Why are you leaving the AdSense code on the page?
Because most people doing SEO are smart enough to look for the AdSense code on the page if they’re suspicious (which they’re likely to be after this post gets some attention). Some might even have design skills, so making it look like it’s in the right place is equally important.
However, most of us – no matter if we’re good, rad or sexy consultants – aren’t designers. So we’d be hard-pressed to tell if what looked like an AdSense block was really AdSense or if it was a paid link masquerading as such, cleverly hidden with divs, CSS etc.
What about the big picture ramifications?
Do you know what’ll be absolutely nuts if this tactic gains widespread usage? Google could be getting paid link reports for legitimate AdSense sites, as people confuse the blocks with paid links! Imagine if these reports start getting more and more frequent as text link sellers get more aggressive and people grow more suspicious – this idea has the potential to break the whole reporting system :). Then maybe we can get back to the real PageRank. Todd “Stuntdubl” Malicoat had a similar idea about why SEs should be indifferent to the type of link, so long as it’s there. (Since the time I drafted this to current editing, I’ve lost the link, unfortunately, and would like it if someone might drop it in the comments.)
Are there other ways to apply this idea?
First, you needn’t use regular AdSense units. You can also use the two-click conversion AdSense unit, whereby visitors click on a general category text link [which appears as a text link] and then this takes them to a page with individual ads linked to particular advertisers. That way you could actually have a page with a slew of text links on it.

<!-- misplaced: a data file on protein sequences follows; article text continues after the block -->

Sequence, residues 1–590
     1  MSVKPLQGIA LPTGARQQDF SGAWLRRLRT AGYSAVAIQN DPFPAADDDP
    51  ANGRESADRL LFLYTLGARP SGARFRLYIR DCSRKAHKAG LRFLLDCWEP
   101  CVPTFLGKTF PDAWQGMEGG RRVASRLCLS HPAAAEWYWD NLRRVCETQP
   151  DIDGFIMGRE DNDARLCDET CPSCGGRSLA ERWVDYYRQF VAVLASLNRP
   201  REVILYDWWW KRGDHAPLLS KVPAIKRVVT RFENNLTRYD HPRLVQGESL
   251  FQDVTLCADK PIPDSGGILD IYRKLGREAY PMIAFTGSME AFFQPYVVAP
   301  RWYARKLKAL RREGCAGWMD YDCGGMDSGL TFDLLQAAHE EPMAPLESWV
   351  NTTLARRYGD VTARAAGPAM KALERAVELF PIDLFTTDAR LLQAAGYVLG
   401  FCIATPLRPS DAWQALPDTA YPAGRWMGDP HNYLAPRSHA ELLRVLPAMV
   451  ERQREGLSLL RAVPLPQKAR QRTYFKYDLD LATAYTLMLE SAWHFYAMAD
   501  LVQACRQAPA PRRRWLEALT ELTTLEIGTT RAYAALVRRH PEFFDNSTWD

You can use this technique with any other ad network. Of course, you’re better off starting with Google’s own Doubleclick 😉 [before any Google lawyers in the audience get C&D stamp-happy, I’m joking]. But there’s plenty of these networks around.
That said, Google has been at war with affiliates longer than it has with paid text links. I once tried starting a Blogspot blog about fishing that was monetized from day 1 with affiliate ads and AdSense. Big nono.
It got flagged as spam and I had to type in a captcha every time I wanted to post! I’d be quite dubious if the AdSense ads had triggered the flag, though it might have been the volume of ads (there were a whole bunch) that did it, so AdSense may have participated in the flag. Perhaps it’s time for the affiliate networks to start pressuring Google for it to stop flagging affiliate links as potential spam indicators?
If you liked this post, besides the obvious suggestions (sphinning or stumbling), you’ll probably like this other greyhat post about cloning dead sites to leverage their Yahoo link strength. Ditty why Winston Churchill would have been a greyhat, and how buy links with the most natural anchor text imaginable. Perhaps the tip here on messing with competitors’ analytics is also your bag?
So yeah… with content like that, why wouldn’t you get my RSS feed? If you really need more reasons, here’s 20 reasons! Notably: I’ll PAY YOU if you unsubscribe because you’re dissatisfied – that’s my satisfaction guarantee.